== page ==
- Do your bleeding research and throw your newfound knowledge in there at any opportunity, although don’t do what I did when interviewing for a NHS job and start plucking numbers out of the air when asked about patient statistics because I’d forgotten all my research – needless to say I didn’t get offered that one! Make sure you’re confident of your knowledge before sharing it with an interview panel who know a heck of a lot more about the subject than you do. And prepare your examples (examples of teamwork, problem-solving, dealing with a challenge person/situation and prioritising are no-brainers).
- Just stop and think for a minute before you answer each question – you are allowed to! I have been as guilty as anyone of launching straight into my answer almost before the question is out of the interviewer’s mouth because the thought of any kind of gap or silence is intolerable. But why should it be? After all you have no reason to know exactly what question is coming at you and you may understandably need a moment to think it through. Tell the interviewer that but don’t apologise for it. If anything you’ll come across as thoughtful and considered in your approach.
- Lastly, learn from it, however hideous and uncomfortable it might have been. Ask for feedback, even if it went well but you still didn’t get it. Don’t be so cocky that you think their decision not to hire you is purely a reflection of their bad judgement and so asking for any feedback is pointless. Equally, realise that you are more than one bad interview and you can choose to take or leave any feedback you are given and move on.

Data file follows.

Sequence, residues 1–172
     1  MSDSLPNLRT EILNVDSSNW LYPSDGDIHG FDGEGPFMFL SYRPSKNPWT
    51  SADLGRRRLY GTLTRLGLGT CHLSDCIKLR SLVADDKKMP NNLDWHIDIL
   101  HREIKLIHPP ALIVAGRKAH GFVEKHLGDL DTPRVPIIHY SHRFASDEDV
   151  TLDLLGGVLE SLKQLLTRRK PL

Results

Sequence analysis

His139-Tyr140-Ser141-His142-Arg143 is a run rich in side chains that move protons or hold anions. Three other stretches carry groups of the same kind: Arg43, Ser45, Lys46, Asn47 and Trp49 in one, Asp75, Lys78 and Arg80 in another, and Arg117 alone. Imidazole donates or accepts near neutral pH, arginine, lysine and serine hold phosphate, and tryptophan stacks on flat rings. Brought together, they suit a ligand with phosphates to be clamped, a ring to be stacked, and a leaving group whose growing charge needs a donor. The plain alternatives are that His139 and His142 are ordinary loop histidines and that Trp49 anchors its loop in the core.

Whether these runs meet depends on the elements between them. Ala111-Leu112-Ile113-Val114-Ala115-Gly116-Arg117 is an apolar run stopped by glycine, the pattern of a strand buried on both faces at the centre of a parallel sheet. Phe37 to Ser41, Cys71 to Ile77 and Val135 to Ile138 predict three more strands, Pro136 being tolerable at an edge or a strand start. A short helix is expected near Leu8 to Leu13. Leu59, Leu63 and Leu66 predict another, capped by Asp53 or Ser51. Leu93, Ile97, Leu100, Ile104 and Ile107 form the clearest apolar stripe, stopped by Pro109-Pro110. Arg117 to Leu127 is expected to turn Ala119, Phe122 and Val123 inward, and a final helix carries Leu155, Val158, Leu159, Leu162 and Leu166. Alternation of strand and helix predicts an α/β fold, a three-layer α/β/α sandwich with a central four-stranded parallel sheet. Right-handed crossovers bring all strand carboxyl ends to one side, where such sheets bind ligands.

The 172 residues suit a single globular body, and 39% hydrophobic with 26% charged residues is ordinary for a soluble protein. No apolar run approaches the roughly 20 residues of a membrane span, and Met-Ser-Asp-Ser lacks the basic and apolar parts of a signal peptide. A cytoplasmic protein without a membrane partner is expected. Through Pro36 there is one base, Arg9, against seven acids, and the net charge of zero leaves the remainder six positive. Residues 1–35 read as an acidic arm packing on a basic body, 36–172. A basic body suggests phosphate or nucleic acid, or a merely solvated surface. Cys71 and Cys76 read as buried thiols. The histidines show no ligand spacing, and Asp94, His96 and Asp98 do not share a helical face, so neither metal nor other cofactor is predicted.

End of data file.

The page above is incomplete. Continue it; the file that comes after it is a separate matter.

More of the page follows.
Is there an alternative to interviews?
I first read about alternatives to the traditional interview process when recruiting a team for a new department I was heading up, but although the ideas were interesting I found myself bound by an organisational culture which did not seem to support this, as I’m sure is the case with most British institutions and companies. Admittedly a lot of the ideas would involve investing more time than a single day of interviewing, for example, putting candidates through a sample day in the office or conducting an assessment centre type process. However, surely it can be said that interview panels can get it wrong when faced with judging a person’s entire character, skillset and motivations from a small fragment of conversation, perhaps accompanied by a measly skills test conducted often for the sake of it.
The traditional interview scenario seems to be firmly entrenched in our culture and any suggestion of departing from it draws gasps of astonishment and looks of confusion all round. I think it is an idea which needs to be pursued though, if we want to believe that an interview really is a two-way process. And if it reduces the amount of times the panel get it wrong, resulting in costly wasted time on an individual not right for the role (who for their part might not gain any benefit from the experience other than an unwelcome dent in confidence), then surely it’s worth having a conversation about. I’d love to hear what you think about this and if you have any ideas or tips to share, from one veteran interviewee to another.